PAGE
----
FIG. 4 is a partial plan view of the sump pump assembly described above in FIG. 2. Housing base surface 84 has a snap fitting retainer assembly 150 which attaches to an opening 152 positioned within motor casing 106 adjacent to first end shield 102. Snap fitting retainer assembly 150 includes a plurality of generally parallel resilient legs 154 which extend from base surface 84. A gap 156 extends between adjacent legs 154. During assembly, switch assembly 80 is attached to motor casing 106 with snap fitting retainer assembly 150. Snap fitting retainer assembly 150 is slidably positioned within opening 152 such that motor casing 106 is positioned between adjacent legs 154 within gap 156 such that adjacent legs 154 contact motor casing 106.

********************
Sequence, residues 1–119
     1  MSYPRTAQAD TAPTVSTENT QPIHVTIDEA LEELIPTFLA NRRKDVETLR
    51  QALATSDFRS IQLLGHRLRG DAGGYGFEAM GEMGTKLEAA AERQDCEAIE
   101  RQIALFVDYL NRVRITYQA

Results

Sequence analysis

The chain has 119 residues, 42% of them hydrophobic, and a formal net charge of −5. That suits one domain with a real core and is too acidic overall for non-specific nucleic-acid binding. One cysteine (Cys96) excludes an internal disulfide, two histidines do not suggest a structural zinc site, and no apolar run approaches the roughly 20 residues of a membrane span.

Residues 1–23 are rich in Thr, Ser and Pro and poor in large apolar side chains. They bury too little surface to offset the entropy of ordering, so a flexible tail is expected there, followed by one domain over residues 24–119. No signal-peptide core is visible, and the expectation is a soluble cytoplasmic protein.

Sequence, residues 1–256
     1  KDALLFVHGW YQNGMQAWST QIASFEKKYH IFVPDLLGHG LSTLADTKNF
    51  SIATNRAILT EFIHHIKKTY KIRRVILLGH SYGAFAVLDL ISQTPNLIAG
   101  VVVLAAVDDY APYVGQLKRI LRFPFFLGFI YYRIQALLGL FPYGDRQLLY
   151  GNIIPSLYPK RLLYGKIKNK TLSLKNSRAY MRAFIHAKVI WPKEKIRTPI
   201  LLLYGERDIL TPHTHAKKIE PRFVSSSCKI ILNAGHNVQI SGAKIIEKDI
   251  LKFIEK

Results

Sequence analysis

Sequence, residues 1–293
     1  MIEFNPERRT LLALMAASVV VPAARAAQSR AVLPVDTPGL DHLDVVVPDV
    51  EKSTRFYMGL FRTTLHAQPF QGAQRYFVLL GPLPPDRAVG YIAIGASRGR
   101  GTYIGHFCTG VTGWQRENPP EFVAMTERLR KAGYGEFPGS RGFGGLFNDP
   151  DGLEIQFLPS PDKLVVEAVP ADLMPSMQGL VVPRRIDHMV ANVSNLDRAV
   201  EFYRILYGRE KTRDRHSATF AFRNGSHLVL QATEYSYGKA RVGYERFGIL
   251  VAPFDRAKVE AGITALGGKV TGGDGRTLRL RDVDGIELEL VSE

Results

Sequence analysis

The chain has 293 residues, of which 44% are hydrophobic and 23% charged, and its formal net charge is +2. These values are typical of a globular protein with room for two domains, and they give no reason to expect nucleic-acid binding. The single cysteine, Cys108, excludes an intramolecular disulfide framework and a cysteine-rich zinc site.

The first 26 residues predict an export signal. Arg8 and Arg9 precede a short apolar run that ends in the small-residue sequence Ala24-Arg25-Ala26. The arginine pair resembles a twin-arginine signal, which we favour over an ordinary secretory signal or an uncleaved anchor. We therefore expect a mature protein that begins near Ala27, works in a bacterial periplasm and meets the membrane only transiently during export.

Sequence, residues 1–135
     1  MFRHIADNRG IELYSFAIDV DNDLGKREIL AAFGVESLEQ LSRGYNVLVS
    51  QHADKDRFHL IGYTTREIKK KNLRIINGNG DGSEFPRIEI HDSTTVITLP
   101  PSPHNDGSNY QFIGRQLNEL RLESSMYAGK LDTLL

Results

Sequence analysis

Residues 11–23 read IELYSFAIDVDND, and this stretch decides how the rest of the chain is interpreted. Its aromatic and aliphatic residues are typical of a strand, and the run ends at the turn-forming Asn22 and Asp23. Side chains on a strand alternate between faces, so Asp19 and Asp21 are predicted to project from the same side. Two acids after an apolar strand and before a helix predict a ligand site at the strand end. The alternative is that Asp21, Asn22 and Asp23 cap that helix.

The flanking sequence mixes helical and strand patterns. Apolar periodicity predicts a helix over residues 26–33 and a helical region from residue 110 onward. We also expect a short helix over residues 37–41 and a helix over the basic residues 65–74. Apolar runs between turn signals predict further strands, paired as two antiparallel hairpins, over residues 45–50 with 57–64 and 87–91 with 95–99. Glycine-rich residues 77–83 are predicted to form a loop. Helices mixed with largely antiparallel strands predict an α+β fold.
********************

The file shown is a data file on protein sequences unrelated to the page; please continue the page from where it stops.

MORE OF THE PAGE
Switch assembly 80 includes an interconnect 160 positioned within housing 82. Interconnect 160 includes a line cord provision 162, a grounding provision 164, and a neutral provision 166. Interconnect 160 enables a separate power supply cord (not shown in FIG. 4) to be attached directly to switch assembly 80. Interconnect 160 also enables a separate power supply cord to be installed to replace an originally installed power supply cord (not shown) that is damaged. An electrical lead 168 is connected between neutral provision 166 and a sump pump motor neutral provision (not shown).